75. In our opinion, the proviso to Section 372 of the Cr.P.C must also be given a meaning that is realistic, liberal, progressive and beneficial to the victim of an offence. There is a historical reason for this, beginning with the Declaration of Basic Principles of Justice for Victims of Crime and Abuse of Power, adopted by the General Assembly of the United Nations in the 96th Plenary Session on 29thNovember, 1985. The Declaration is sometimes referred to as the Magna Carta of the rights of victims. One of the significant declarations made was in relation to access to justice for the victim of an offence through the justice delivery mechanisms, both formal and informal. In the Declaration it was stated as follows:
“4. Victims should be treated with compassion and respect for their dignity. They are entitled to access to the mechanisms of justice and to prompt redress, as provided for by national legislation, for the harm that they have suffered.
5. Judicial and administrative mechanisms should be established and strengthened where necessary to enable victims to obtain redress through formal or informal procedures that are expeditious, fair, inexpensive and accessible. Victims should be informed of their rights in seeking redress through such mechanisms.
6. The responsiveness of judicial and administrative processes to the needs of victims should be facilitated by:
(a) Informing victims of their role and the scope, timing and progress of the proceedings and of the disposition of their cases, especially where serious crimes are involved and where they have requested such information;
(b) Allowing the views and concerns of victims to be presented and considered at appropriate stages of the proceedings where their personal interests are affected, without prejudice to the accused and consistent with the relevant national criminal justice system;
(c) Providing proper assistance to victims throughout the legal process;
(d) Taking measures to minimize inconvenience to victims, protect their privacy, when necessary, and ensure their safety, as well as that of their families and witnesses on their behalf, from intimidation and retaliation;
(e) Avoiding unnecessary delay in the disposition of cases and the execution of orders or decrees granting awards to victims.
76. Putting the Declaration to practice, it is quite obvious that the victim of an offence is entitled to a variety of rights. Access to mechanisms of justice and redress through formal procedures as provided for in national legislation, must include the right to file an appeal against an order of acquittal in a case such as the one that we are presently concerned with. Considered in this light, there is no doubt that the proviso to Section 372 of the Cr.P.C must be given life, to benefit the victim of an offence.
77. Under the circumstances, on the basis of the plain language of the law and also as interpreted by several High Courts and in addition the resolution of the General Assembly of the United Nations, it is quite clear to us that a victim as defined in Section 2(wa) of the Cr.P.C would be entitled to file an appeal before the Court to which an appeal ordinarily lies against the order of conviction. It must follow from this that the appeal filed by Kodagali before the High Court was maintainable and ought to have been considered on its own merits.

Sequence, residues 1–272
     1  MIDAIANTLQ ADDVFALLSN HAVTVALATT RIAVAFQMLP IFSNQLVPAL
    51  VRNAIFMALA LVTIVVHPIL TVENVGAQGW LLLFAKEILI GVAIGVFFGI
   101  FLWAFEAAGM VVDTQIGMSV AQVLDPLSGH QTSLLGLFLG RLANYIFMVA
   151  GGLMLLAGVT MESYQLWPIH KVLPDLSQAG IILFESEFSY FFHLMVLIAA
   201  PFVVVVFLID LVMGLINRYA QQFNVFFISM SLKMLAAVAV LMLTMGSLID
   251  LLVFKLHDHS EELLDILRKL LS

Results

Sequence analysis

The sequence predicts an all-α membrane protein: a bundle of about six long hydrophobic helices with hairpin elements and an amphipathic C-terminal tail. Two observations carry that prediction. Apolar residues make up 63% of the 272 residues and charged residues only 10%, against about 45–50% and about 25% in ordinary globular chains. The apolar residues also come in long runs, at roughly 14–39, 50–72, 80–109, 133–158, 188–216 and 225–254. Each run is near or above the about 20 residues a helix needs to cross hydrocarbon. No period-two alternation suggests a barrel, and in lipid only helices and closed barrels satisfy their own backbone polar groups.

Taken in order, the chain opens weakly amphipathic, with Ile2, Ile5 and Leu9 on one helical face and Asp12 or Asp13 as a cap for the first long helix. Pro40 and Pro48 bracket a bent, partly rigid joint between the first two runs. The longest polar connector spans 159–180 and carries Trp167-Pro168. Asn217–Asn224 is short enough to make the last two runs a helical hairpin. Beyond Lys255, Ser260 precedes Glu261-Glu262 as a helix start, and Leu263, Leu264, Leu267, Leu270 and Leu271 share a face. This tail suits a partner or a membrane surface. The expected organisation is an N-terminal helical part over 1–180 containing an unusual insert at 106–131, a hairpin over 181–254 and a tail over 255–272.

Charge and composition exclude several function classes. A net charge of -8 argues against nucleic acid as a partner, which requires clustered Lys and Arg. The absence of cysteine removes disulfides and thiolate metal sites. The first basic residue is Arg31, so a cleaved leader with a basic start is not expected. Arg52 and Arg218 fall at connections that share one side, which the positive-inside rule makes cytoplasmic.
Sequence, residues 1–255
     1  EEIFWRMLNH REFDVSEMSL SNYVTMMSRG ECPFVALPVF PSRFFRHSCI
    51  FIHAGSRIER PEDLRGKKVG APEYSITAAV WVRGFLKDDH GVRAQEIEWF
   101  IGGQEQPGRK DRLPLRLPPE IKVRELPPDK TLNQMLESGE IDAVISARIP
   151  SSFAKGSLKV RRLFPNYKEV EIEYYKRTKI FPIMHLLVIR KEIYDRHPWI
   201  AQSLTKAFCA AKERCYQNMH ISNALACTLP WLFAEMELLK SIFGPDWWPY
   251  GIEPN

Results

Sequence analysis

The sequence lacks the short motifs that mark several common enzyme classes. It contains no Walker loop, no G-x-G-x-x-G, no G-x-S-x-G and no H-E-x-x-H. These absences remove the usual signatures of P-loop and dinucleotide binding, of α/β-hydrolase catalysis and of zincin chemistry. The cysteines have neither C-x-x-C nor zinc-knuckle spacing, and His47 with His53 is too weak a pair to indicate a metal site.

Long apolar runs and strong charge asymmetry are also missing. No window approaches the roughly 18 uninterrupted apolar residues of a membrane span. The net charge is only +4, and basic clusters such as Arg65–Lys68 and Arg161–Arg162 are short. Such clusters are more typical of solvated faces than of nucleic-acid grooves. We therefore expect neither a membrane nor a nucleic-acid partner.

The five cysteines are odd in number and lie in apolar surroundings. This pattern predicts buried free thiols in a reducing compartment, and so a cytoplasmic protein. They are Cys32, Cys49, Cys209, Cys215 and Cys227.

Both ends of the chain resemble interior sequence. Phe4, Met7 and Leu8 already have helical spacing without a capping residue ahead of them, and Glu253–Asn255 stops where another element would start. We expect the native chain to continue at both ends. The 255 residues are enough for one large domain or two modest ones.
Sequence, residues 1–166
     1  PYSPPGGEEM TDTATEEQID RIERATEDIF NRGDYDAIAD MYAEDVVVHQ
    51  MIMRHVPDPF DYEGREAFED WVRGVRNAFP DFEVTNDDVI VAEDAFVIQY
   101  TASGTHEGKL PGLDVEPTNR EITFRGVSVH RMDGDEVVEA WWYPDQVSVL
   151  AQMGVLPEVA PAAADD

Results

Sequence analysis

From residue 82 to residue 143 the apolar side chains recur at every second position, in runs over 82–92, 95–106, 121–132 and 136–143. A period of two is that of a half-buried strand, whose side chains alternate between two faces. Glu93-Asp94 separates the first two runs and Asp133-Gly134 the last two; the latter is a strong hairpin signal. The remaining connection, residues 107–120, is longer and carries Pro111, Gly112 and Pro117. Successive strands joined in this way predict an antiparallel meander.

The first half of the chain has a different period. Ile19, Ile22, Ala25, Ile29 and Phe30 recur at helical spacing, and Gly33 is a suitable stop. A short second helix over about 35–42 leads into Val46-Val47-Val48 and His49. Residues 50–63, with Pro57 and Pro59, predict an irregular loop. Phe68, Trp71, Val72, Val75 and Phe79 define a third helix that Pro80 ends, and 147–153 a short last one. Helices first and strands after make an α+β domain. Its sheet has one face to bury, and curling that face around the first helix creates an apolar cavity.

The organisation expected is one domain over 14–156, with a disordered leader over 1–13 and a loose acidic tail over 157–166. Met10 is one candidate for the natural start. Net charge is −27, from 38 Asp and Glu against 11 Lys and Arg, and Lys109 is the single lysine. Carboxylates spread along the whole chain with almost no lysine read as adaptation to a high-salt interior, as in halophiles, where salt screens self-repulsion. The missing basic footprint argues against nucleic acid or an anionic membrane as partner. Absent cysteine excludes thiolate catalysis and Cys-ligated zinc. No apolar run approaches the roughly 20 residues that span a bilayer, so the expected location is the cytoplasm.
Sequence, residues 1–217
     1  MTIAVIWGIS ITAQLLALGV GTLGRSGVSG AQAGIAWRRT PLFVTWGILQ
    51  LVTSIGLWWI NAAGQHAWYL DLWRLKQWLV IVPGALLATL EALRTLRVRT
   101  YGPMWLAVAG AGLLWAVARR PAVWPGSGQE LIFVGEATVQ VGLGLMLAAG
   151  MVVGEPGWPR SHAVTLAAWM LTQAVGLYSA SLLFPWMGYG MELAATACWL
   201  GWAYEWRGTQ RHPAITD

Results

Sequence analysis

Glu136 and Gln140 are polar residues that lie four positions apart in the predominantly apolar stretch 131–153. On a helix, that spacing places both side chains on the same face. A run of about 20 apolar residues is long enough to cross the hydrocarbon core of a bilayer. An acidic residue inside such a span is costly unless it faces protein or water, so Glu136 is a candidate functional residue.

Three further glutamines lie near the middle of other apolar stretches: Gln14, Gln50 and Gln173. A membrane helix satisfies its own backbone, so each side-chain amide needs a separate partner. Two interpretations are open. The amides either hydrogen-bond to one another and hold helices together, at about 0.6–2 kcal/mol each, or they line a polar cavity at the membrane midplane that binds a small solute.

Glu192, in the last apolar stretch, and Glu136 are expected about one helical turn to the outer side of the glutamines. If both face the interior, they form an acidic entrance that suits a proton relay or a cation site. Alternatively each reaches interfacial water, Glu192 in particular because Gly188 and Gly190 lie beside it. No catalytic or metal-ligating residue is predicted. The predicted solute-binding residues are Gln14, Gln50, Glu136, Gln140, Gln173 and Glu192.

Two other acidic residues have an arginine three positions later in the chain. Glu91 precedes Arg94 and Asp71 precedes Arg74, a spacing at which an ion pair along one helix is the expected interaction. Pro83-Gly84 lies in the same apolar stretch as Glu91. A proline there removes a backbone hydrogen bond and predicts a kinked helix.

78. As far as the question of the grant of special leave is concerned, once again, we need not be overwhelmed by submissions made at the Bar. The language of the proviso to Section 372 of the CrPC is quite clear, particularly when it is contrasted with the language of Section 378(4) of the CrPC. The text of this provision is quite clear and it is confined to an order of acquittal passed in a case instituted upon a complaint. The word ‘complaint’ has been defined in Section 2(d) of the CrPC and refers to any allegation made orally or in writing to a Magistrate. This has nothing to do with the lodging or the registration of an FIR, and therefore it is not at all necessary to consider the effect of a victim being the complainant as far as the proviso to Section 372 of the CrPC is concerned.
18. In view of the legal provision and the pronouncement discussed above, the petitioner herein being the informant has a right to prefer an appeal u/s 372 (proviso) CrPC and he being the informant in the GR Case he cannot be equated as complainant within the purview of Section 378(3) of CrPC and no leave is required to prefer such appeal. As the appeal sought to be preferred against the order of the learned Assistant Sessions Judge so the appeal will lie to the Court of learned Sessions Judge as discussed above. Present application has been preferred bona fide by quoting the provision u/s 378(3) CrPC, which does not necessarily debar the petitioner to prefer the appeal to which he is entitled under the statute.
19. Present petition stands disposed with a liberty to the petitioner to prefer the appeal in the Court of concern Sessions Judge and on such appeal being preferred, the learned Sessions Judge will dispose the same in accordance with law. Period of filing present petition before this Court, shall be excluded by learned Court, on the matter of delay, if any.